Review: Once Upon a Time in Anatolia

It won a prize  at Cannes and has attracted five star reviews. But does the latest film by acclaimed Turkish director Nuri Bilge Ceylan make for enjoyable viewing?

Once Upon a Time in Anatolia has the feel of a novel. All the ingredients are there – the bleak nocturnal  landscape; a disparate group of men, each with their own regrets; a mysterious murder.

In this case, however, the police have caught their murderer and extracted a confession. The problem is the body. The murderer, skinny with bedraggled hair and alert black eyes, can’t remember where he buried it. As a member of the weary entourage comments, it’s not easy when everywhere looks the same.

This mixture of tedium and foreboding defines the first half of the film. Borrowing the palette of a horror film, the camera hooks on grain caught in a sudden wind or follows an apple as it rolls to some unknown destination. The men’s talk betrays the pettiness of small town Turkish law enforcement and a fear – they are mostly plump and balding – that they may never escape it. When a young woman finally makes it into the frame, bearing lamps and tea, they watch her as they might an angel. Or a ghost.

As night gives way to day, the orthodox chronology of a murder inquiry reasserts itself. The body is found. The suspect is marched off for trial. Yet even as an official narrative is relentlessly recorded, the film hints at a darker and more complex murder.

Such tantalising ambiguity in a novel would have the reader scrabbling back to previous chapters. In a film, though, this is not so easy – and at a hefty two hours and 37 minutes long, this one defies a casual watch-again. Even a single viewing left the audience distinctly restless.

Ambitious and original, Once Upon a Time in Anatolia deserves its critical acclaim. The amateur filmgoer, though, might prefer to save it for a rainy day.

Julia Rampen

Once Upon a Time in Anatolia is currently showing at the Curzon Soho, Odeon Panton Street, Renoir, Gate Cinema Notting Hill, Ritzy Cinema Brixton and hmvcurzon Wimbledon.

See also:

Graphic: Only two Middle Eastern films released in the UK since January 2012

Review of Iranian film A Separation: “A timely reminder that there is more to Iran than Ahmadinejad”

Top Tweets from the London Palestinian Film Festival 2012

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About Julia Rampen

London-based journalist. Find me on Twitter @JuliaRampen

8 comments

  1. Monique

    Great review. I went to go and see this film with my family and felt exactly the same. I was becoming agitated with the repetitive contemplative silences that seemed to make up half the film. If you actually list the major events in the film you realise you have pretty much watched nothing happen.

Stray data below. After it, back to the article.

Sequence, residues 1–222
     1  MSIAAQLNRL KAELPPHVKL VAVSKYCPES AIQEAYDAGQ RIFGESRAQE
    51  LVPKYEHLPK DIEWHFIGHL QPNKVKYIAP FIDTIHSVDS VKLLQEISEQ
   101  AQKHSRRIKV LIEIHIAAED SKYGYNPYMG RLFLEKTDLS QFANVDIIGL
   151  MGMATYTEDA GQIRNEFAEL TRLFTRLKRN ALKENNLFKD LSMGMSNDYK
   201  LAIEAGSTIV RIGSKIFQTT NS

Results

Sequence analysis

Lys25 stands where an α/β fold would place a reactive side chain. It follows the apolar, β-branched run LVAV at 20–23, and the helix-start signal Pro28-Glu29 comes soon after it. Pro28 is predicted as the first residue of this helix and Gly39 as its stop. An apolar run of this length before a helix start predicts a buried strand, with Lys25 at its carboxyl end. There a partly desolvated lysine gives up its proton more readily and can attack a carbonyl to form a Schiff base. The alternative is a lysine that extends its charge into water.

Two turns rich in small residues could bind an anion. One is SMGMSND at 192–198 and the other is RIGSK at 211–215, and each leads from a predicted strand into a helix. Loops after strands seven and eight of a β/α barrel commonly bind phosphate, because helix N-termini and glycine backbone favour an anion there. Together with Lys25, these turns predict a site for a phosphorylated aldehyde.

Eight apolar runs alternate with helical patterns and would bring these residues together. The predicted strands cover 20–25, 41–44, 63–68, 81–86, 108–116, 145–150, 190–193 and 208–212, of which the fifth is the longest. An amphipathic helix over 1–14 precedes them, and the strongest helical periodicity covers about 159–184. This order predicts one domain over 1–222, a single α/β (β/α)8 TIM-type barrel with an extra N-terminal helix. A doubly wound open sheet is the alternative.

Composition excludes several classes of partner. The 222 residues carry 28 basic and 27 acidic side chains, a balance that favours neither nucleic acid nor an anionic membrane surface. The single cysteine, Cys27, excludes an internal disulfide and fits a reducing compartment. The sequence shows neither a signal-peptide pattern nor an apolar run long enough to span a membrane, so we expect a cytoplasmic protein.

2. Haha glad you liked it! My first draft was quite critical and I actually toned it down in deference to all the praise heaped on it… maybe you have to be a middle aged man to truly appreciate it? (Julia)

  3. NazarBlue

    In my experience its typically Turkish to have long contemplative silences in film. Turks adore the use of silence – they make good use of it in their most tragic or gripping films / telefilms. The first time I watched revered film Uzak I was quite annoyed – then I slowly got used to these Turkish ways after watching Climates, and other films from shown at the London Turkish Film Festival.. After a staying with the in-laws in Istanbul and watching tragic soap operas, I now totally get these silences.
    Perhaps though 2hr 37 mins worth of that kind of movie is too much to bear!

    • Thanks for that insightful comment. I did wonder (not having a huge knowledge of Turkish films) so it’s interesting to hear you say that. I thought it was probably worth mentioning on a British blog because people won’t necessarily be prepared for it… I saw one woman leave during the screening, and I imagine it was probably just because she’d underestimated the length and had an appointment to make!

      Julia

  4. NazarBlue

    Here is a prime example of Turkish Tele film – this one called Hayat Devam Ediyor (Life Goes On) is horrendously tragic, but its those silences and the music that fills them which had me bawling my eyes out! http://www.youtube.com/watch?v=qpOJbtl_wSY
    Here’s a spoof Turkush film made by a Kosovan comedy trio 🙂 http://www.youtube.com/watch?v=JkpE7LXvqRQ
    Anyway great blog you have going here.. Will you be posting about live music too?

  5. haha wow that looks intense! I travelled around Turkey two summers ago and everyone seemed so nice! clearly a lot going on behind closed doors.

    Thanks for your kind words about the blog. We are really up for covering live music, so if you have any tip offs please let us know – our email is middleeastlondon [at] gmail.com. In the past we have covered events with rappers and interviews with composers, so we’re interested in anything

    Sorry for the slow reply and thanks for commenting

    Julia

  6. Pingback: Only one in sixty films released in the UK is from the Middle East: We ask why « Middle East LDN

  7. Pingback: Metaphors, silences and first love: An overview of recent Middle Eastern cinema « Middle East LDN

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